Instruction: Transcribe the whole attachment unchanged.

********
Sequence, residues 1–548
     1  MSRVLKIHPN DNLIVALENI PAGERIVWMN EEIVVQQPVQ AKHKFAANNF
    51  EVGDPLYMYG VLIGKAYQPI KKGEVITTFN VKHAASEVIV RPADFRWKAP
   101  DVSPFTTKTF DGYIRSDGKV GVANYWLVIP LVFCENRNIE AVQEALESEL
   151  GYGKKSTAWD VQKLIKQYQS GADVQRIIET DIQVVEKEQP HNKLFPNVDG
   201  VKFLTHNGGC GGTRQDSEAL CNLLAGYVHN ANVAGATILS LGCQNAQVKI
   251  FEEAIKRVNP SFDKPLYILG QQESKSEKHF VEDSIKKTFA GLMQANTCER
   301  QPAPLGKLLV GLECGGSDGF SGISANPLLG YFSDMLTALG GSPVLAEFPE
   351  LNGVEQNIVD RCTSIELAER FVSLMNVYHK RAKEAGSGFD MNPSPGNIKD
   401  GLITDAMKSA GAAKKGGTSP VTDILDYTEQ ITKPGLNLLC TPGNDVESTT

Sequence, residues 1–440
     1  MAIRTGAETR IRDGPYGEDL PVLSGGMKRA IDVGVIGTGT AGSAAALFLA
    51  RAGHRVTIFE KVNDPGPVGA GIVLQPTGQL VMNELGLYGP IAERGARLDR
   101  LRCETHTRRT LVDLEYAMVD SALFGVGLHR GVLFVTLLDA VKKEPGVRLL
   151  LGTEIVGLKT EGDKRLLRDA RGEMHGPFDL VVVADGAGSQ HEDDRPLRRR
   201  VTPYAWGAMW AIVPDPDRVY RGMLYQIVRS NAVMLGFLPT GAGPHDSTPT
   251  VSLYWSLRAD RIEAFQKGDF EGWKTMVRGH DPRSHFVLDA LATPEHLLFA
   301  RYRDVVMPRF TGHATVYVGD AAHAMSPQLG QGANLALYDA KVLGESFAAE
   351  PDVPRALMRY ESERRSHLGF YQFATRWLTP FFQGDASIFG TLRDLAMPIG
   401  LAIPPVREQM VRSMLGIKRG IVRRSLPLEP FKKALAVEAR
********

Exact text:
Sequence, residues 1–548
     1  MSRVLKIHPN DNLIVALENI PAGERIVWMN EEIVVQQPVQ AKHKFAANNF
    51  EVGDPLYMYG VLIGKAYQPI KKGEVITTFN VKHAASEVIV RPADFRWKAP
   101  DVSPFTTKTF DGYIRSDGKV GVANYWLVIP LVFCENRNIE AVQEALESEL
   151  GYGKKSTAWD VQKLIKQYQS GADVQRIIET DIQVVEKEQP HNKLFPNVDG
   201  VKFLTHNGGC GGTRQDSEAL CNLLAGYVHN ANVAGATILS LGCQNAQVKI
   251  FEEAIKRVNP SFDKPLYILG QQESKSEKHF VEDSIKKTFA GLMQANTCER
   301  QPAPLGKLLV GLECGGSDGF SGISANPLLG YFSDMLTALG GSPVLAEFPE
   351  LNGVEQNIVD RCTSIELAER FVSLMNVYHK RAKEAGSGFD MNPSPGNIKD
   401  GLITDAMKSA GAAKKGGTSP VTDILDYTEQ ITKPGLNLLC TPGNDVESTT

Sequence, residues 1–440
     1  MAIRTGAETR IRDGPYGEDL PVLSGGMKRA IDVGVIGTGT AGSAAALFLA
    51  RAGHRVTIFE KVNDPGPVGA GIVLQPTGQL VMNELGLYGP IAERGARLDR
   101  LRCETHTRRT LVDLEYAMVD SALFGVGLHR GVLFVTLLDA VKKEPGVRLL
   151  LGTEIVGLKT EGDKRLLRDA RGEMHGPFDL VVVADGAGSQ HEDDRPLRRR
   201  VTPYAWGAMW AIVPDPDRVY RGMLYQIVRS NAVMLGFLPT GAGPHDSTPT
   251  VSLYWSLRAD RIEAFQKGDF EGWKTMVRGH DPRSHFVLDA LATPEHLLFA
   301  RYRDVVMPRF TGHATVYVGD AAHAMSPQLG QGANLALYDA KVLGESFAAE
   351  PDVPRALMRY ESERRSHLGF YQFATRWLTP FFQGDASIFG TLRDLAMPIG
   401  LAIPPVREQM VRSMLGIKRG IVRRSLPLEP FKKALAVEAR